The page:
Elec­toral re­form: Make haste, cau­tiously

The Guardian (Charlottetown) - - OPINION -

Two weeks ago in this space it was sug­gested that since the Is­land’s four fed­eral elec­toral dis­tricts are fairly evenly di­vided in terms of the num­ber of peo­ple per rid­ing, they could be the ba­sis for de­ter­min­ing the num­ber of MLAs in the leg­is­la­ture. If each fed­eral rid­ing had an equal num­ber of MLAs this would at least give a nod to the con­cept of rep­re­sen­ta­tion by pop­u­la­tion.

The days of two-party con­tests are long gone. Given the paucity of sup­port the Lib­er­als got in the spring elec­tion it hardly seems fair that the three par­ties in op­po­si­tion with 60 per cent of the votes got only 33 per cent of the seats in the leg­is­la­ture.

Many will ar­gue that the only way to as­sure a proper seat align­ment is to go to some form of pro­por­tional rep­re­sen­ta­tion (PR). And there in lies the rub, which form?

One form is where each party cre­ates a list of, say 27, since there are cur­rently 27 MLAs, and elec­tors would then vote for the party they favour. If the Lib­er­als got 40.8 per cent of the vote, they get the top 40.8 per cent from their list cho­sen.

Us­ing this sys­tem and the last elec­tion re­sults, the stand­ings in the leg­is­la­ture would be; 11 Lib­er­als, 10 Con­ser­va­tives, 3 NDP and 3 Green.

In or­der to gov­ern one of the two main par­ties would have to form an al­liance with one or both of the mi­nor par­ties. For some, this ten­dency for coali­tions is one of the main prob­lems with PR.

But there are other more se­ri­ous prob­lems. There is no dis­trict rep­re­sen­ta­tion. The top few names of each list could all be from one area - there would be no re­gional MLAs. Also, who se­lects the names for the list? And, just as im­por­tantly, who de­ter­mines the or­der of the names on the list?

For these and other rea­sons, a mod­i­fied form of PR is sug­gested. Again us­ing the present 27 seats in the leg­is­la­ture; make 17 of them dis­trict seats, rid­ings, where elec­tors would vote for in­di­vid­u­als, plus 10 seats from party lists to be cho­sen by PR.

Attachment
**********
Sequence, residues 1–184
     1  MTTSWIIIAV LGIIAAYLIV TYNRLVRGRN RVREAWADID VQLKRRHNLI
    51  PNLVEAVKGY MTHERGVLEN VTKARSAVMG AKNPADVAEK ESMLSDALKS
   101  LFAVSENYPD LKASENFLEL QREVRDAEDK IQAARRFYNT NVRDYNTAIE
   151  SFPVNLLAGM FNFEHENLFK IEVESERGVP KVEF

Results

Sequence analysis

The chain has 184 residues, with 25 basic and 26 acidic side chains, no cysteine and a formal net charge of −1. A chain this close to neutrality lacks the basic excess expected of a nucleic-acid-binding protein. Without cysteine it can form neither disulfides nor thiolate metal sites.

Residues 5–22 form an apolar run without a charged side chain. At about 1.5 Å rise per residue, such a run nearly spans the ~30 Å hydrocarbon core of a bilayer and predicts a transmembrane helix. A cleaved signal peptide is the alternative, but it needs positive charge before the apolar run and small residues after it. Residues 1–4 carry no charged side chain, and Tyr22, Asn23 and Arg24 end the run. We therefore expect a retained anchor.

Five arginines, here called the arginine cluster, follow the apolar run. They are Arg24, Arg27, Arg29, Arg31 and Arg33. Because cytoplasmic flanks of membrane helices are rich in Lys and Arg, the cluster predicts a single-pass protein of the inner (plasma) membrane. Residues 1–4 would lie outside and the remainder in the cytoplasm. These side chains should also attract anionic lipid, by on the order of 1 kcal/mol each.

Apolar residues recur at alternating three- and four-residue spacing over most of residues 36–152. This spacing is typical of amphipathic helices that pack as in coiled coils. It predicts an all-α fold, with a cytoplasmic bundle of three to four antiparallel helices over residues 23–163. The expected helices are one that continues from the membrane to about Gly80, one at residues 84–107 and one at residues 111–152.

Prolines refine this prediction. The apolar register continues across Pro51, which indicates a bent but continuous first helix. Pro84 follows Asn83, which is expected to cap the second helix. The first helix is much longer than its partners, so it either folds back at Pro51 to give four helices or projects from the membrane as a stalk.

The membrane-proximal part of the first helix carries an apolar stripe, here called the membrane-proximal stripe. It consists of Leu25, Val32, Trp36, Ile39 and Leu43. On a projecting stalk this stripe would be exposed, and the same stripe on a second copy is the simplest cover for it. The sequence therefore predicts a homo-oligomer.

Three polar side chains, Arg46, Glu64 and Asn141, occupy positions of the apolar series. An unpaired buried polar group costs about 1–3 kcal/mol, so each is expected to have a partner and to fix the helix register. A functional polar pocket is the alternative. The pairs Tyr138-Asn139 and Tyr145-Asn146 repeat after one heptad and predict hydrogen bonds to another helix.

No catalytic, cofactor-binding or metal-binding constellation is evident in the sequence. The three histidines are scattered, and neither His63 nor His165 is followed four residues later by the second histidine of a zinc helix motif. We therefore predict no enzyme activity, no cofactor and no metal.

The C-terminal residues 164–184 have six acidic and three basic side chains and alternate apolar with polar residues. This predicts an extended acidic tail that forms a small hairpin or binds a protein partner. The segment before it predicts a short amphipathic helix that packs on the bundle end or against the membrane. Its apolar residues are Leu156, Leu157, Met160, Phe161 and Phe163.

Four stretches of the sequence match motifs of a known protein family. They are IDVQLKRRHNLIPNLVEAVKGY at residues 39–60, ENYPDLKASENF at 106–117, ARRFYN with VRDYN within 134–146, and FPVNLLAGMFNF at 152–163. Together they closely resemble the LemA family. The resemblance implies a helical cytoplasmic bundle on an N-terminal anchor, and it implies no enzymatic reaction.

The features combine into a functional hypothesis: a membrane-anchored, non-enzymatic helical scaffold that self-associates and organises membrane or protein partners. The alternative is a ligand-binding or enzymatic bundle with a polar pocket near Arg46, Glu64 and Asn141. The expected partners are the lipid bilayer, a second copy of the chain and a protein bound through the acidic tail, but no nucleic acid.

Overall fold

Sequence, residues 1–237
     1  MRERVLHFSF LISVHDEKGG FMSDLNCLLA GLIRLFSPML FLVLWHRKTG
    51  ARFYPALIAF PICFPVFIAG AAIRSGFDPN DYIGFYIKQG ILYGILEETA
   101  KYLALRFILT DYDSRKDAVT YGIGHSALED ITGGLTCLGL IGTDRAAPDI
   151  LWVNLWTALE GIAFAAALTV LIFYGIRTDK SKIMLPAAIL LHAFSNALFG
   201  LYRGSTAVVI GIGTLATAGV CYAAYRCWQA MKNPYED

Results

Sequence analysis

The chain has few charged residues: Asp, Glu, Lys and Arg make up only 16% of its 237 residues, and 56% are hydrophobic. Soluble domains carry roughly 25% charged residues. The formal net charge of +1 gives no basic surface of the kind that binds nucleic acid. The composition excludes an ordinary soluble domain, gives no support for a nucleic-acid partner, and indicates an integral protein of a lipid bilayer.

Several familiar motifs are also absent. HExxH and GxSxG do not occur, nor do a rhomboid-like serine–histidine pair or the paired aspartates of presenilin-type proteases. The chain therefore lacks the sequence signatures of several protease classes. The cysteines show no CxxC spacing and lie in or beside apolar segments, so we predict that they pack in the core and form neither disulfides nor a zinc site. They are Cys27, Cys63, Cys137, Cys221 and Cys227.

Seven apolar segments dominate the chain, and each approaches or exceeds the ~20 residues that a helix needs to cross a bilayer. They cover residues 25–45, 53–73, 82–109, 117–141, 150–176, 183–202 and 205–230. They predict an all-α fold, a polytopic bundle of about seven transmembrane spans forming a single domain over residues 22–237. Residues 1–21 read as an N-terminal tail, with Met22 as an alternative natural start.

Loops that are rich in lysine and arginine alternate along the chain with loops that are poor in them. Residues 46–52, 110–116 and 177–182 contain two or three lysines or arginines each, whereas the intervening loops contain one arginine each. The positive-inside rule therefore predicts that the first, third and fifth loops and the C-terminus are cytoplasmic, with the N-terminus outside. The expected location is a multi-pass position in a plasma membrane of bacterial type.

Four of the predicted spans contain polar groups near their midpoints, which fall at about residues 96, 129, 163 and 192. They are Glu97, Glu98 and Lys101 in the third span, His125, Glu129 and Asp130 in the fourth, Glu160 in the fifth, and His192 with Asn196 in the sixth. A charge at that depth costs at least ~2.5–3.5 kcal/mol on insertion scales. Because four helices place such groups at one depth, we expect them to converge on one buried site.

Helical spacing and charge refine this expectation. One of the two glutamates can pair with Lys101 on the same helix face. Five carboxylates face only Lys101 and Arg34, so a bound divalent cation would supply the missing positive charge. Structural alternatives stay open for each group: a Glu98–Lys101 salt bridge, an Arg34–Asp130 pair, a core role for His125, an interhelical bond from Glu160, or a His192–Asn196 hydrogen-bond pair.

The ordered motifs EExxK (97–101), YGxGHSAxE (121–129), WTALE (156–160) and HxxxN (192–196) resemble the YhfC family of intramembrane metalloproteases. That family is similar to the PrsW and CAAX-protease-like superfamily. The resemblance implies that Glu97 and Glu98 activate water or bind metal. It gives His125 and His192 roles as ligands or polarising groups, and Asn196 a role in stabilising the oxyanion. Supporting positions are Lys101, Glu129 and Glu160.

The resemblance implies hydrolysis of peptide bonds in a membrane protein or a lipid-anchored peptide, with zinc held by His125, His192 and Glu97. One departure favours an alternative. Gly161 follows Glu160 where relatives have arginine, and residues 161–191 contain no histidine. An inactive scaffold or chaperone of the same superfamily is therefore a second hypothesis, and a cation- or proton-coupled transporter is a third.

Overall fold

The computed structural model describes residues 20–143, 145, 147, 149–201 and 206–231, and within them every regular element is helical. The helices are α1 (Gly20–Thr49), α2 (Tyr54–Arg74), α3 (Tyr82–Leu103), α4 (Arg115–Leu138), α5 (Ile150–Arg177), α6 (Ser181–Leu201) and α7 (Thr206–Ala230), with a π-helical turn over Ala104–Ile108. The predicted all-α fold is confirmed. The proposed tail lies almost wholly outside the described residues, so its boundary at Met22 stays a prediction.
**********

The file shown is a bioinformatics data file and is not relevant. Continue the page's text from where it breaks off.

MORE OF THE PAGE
The PR el­e­ment of the vote might be based on the per­cent­age of vote each party got in the dis­trict elec­tions, or it could be a sep­a­rate bal­lot where each voter in­di­cates the party they pre­fer. This over­comes the re­gional rep­re­sen­ta­tion prob­lem, but, does noth­ing with re­gards to who se­lects the lists or de­ter­mines the pri­or­ity of the names.

Another form of vot­ing that en­sures each can­di­date is se­lected with a ma­jor­ity, but doesn’t nec­es­sar­ily en­sure pro­por­tional rep­re­sen­ta­tion, is the use of pref­er­en­tial bal­lots.

Us­ing the pref­er­en­tial bal­lot sys­tem no one can be elected un­til they have achieved sup­port from more than 50 per cent of the vot­ers. This sys­tem is not dra­mat­i­cally dif­fer­ent from what is presently in use, there are no lists and no de­ter­min­ing seats by per­cent­ages.

The dif­fer­ence is in the bal­lot it­self. In­stead of each voter pick­ing the one per­son they want to be their rep­re­sen­ta­tive, each voter has to se­lect who their first choice is, their sec­ond choice, third choice, etc. depend­ing on how many can­di­dates there are.

If there is no clear win­ner when all the first choices are counted, then the sec­ond choices of the can­di­date who fin­ished last are dis­trib­uted. If there is still no win­ner, the bal­lots of the can­di­date who came sec­ond-last are dis­trib­uted, and so on un­til some­one gets 50 per cent of the votes.

There are many dif­fer­ent ways used to elect peo­ple in democ­ra­cies around the world. The first-past-the-post sys­tem we use is quite rare. Some form of PR is the most com­mon. And while many Is­lan­ders feel there’s a need for change they should keep in mind a cou­ple of old adages; per­fec­tion is of­ten the en­emy of progress, and in­cre­men­tal change is usu­ally the most suc­cess­ful.

Alan Hol­man is a free­lance jour­nal­ist liv­ing in Char­lot­te­town. He can be reached

at: achol­man@pei.east­link.ca

Alan Hol­man

The Med­dler

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